Exploring the Neighborhood - Literature Jigsaw
  1. Strand PHIL.I Definitions of Philanthropy
    1. Standard DP 01. Define Philanthropy
      1. Benchmark E.1 Define philanthropy as the giving and sharing of time, talent, or treasure intended for the common good.
  2. Strand PHIL.III Philanthropy and the Individual
    1. Standard PI 01. Reasons for Individual Philanthropy
      1. Benchmark E.5 Give examples of actions students can take to improve the common good and list or describe responsibilities that go with those actions.

Through a variety of literature, students will develop an understanding and awareness of the many types of wildlife that coexist with people in and around an urban area. Students will gain knowledge of how they can be instrumental in maintaining a healthy environment for humans and wildlife that inhabit our cities.

PrintThree Fifty-Minute Class Periods

The learner will:

  • define and compare wildlife and domesticated animals.
  • identify various species of plants and animals that have adapted to urban habitat.
  • read facts in non-fiction literature about how wildlife survives in urban areas.
  • recognize the responsibility of people to protect and nurture the environment.
  • copies of books for students related to wild animals in urban environments 
  • copies for each student of  Knowledge about City Wildlife
  • copy of Attachment One for teacher
  • copies for each student of  Literature Group Discussion
  • name tags: one per student
  • copies for each student of  Literature Jigsaw Notes
  • colored circle stickers to place on name tags to identify student groups (at least four colors, depending on the number of groups you have)

Find books in your library about how wildlife learns to adapt to humans and how humans can show respect for wildlife as they expand in developmemt.

Some book suggestions:

  • Davis, Wendy. City Park (Habitat). New York: Children’s Book Press, 1998.

  • Green, Jen. In a Backyard. Crabtree Pub., 2002.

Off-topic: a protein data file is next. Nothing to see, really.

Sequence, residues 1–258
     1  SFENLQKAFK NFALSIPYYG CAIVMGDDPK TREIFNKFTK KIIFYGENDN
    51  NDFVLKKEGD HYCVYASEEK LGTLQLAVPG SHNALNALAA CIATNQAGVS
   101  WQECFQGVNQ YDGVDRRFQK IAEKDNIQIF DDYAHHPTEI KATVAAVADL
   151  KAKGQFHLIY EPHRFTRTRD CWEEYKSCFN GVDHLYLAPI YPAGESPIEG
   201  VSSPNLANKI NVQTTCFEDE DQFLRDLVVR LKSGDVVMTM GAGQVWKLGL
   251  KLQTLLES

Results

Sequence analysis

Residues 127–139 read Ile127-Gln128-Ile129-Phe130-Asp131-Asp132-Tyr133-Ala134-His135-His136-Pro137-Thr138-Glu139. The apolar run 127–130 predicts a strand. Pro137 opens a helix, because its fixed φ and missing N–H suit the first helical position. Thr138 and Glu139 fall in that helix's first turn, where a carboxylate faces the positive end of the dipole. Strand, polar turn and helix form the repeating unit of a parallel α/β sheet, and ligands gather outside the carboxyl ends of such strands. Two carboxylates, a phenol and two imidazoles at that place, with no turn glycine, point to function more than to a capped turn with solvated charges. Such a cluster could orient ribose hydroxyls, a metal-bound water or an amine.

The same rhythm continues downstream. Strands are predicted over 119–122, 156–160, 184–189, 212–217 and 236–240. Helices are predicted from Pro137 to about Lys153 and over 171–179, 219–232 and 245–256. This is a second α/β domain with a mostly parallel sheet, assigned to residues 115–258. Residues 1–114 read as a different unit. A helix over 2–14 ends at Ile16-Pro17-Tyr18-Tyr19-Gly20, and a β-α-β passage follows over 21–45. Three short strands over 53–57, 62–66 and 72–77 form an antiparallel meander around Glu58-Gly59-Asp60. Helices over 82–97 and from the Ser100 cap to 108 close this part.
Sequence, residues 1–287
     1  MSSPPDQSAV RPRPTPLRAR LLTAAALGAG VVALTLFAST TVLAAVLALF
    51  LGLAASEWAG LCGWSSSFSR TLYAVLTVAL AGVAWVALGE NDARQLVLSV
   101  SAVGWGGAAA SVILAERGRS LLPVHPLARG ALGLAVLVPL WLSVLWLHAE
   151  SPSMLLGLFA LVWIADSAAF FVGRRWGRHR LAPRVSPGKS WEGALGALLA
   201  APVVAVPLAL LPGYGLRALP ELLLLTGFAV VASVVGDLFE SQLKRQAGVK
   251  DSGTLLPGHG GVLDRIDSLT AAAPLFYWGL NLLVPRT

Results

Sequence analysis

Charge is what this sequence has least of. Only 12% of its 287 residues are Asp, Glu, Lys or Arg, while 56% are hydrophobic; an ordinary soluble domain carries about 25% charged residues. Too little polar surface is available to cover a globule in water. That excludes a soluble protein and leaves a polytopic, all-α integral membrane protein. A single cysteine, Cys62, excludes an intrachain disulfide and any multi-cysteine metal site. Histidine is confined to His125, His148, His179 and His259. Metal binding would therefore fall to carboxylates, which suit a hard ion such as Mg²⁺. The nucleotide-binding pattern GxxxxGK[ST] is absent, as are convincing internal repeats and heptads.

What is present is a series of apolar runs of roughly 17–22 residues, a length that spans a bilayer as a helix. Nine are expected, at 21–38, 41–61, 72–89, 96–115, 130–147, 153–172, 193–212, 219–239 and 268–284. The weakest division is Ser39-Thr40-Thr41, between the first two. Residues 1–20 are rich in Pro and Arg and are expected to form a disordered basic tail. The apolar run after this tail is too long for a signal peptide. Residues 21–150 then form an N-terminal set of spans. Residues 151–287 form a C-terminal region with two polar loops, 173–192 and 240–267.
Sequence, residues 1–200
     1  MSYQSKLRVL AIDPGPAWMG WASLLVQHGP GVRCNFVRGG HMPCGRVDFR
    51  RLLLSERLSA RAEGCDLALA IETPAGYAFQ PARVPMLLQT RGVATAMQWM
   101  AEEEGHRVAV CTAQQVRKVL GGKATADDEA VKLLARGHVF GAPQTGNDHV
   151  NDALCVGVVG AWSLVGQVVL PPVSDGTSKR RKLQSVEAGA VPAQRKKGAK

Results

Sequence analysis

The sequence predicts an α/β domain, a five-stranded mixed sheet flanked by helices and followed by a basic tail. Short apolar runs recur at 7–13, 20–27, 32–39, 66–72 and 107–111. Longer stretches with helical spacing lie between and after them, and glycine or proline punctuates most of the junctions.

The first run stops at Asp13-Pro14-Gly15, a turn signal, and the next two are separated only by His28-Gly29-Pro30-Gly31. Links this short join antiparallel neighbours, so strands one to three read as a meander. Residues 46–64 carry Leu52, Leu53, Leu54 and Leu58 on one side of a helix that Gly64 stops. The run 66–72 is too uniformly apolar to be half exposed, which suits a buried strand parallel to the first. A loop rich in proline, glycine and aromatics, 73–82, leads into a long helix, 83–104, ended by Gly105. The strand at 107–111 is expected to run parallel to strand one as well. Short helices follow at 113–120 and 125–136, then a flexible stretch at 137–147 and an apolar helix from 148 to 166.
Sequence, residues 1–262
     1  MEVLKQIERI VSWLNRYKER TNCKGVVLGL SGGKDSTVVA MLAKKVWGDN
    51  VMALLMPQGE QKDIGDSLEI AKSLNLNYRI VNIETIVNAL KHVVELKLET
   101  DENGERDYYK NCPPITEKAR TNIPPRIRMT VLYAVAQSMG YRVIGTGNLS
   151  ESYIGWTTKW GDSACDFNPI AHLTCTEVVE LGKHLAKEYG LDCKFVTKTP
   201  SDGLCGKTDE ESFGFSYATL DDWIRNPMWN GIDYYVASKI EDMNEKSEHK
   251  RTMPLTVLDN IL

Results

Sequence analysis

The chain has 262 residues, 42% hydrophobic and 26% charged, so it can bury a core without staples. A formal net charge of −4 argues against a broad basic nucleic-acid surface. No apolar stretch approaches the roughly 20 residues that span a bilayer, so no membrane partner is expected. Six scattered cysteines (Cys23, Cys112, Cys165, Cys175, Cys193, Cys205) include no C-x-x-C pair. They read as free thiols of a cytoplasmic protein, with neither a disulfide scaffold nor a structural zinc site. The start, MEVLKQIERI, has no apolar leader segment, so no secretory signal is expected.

• Peet, Bill. Farewell to Shady Glade. Boston: Houghton Mifflin, 1981.

  • Thornhill, Jan. Wild in the City. Owl Communications, 1999.

  1. Day One

    Tell the students that today they are beginning an exploration of city wildlife and its relationship to people. Have them reflect quietly about the words “city wildlife.” Ask them how the words work together to help us understand its meaning. Arrange the class into groups of two or three students. Give them copies of the handout Knowledge about City Wildlife. Allow about five minutes for students to discuss and write about the two sentences on the handout. Engage students in a whole-group discussion on the meaning of the term. Record notes to recall in later discussions.

  2. Explain to the class that you will be dividing the class into four groups. Each group will form a “literature circle.” Each group will be assigned a book to read and discuss.

  3. Give the students name tags with colored circles on them. The colors indicate which group they are in so all members of a group will have the same color.

  4. Every member of the group is responsible for reading the assigned book. Each student writes notes on the handout Literature Group Discussion. The members of the groups may read alone, pair up, or read all together.

    Encourage them to read the questions on the handout before they start reading: What wild animals are able to dwell/live in the city? What makes wildlife wild? What do wildlife creatures need to survive? How can humans create and maintain a healthy relationship with city wildlife?

  5. It is the responsibility of the group members to make sure each person in the group has read the story and is prepared to discuss the book with other members of the class that have not read the book.

  6. Day Two:

  7. Ask the students if they have new ideas or information about city wildlife based on the reading they have done. Recall the notes from Day One's brainstorming.

  8. Students will “piece together” key words/ideas from the different books to form a “literature jigsaw.” Regroup the students so they are with students who read different books. Hint: Regroup using the colors on the name tags. Each new group should have only one of each color. It may be helpful to give each member of the original groups a number. For example, the ones from each original group move into a new group together.

  9. Tell students that they are the experts for the book that they read on Day One. They will tell the members of their new group about the book they read. Allow each student about five minutes to report on the book—using the notes from Day One—to the rest of the group. The other students should listen carefully and take notes on handout Literature Jigsaw Notes.

  10. After the discussion in the new group, have students write individual summations/observations of their findings on a separate sheet of notebook paper. They should focus on the four questions from Day One.

  11. Debrief with the whole class and define philanthropy and discusshow it impacts environmental stewardship. Ask students to define the words sensitivity and balance as they relate to the natural world. How does what they learned today relate to these words?

  12. Write these five essential questions for the unit on the board. Discuss any of the questions that seem relevant to this lesson. 1) Can humans and animals coexist in the same habitat? 2) If so, are there dangers that exist? For whom? 3) What is a community? 4) What do humans and wildlife share? 5) What is Common Good? Does it include wildlife?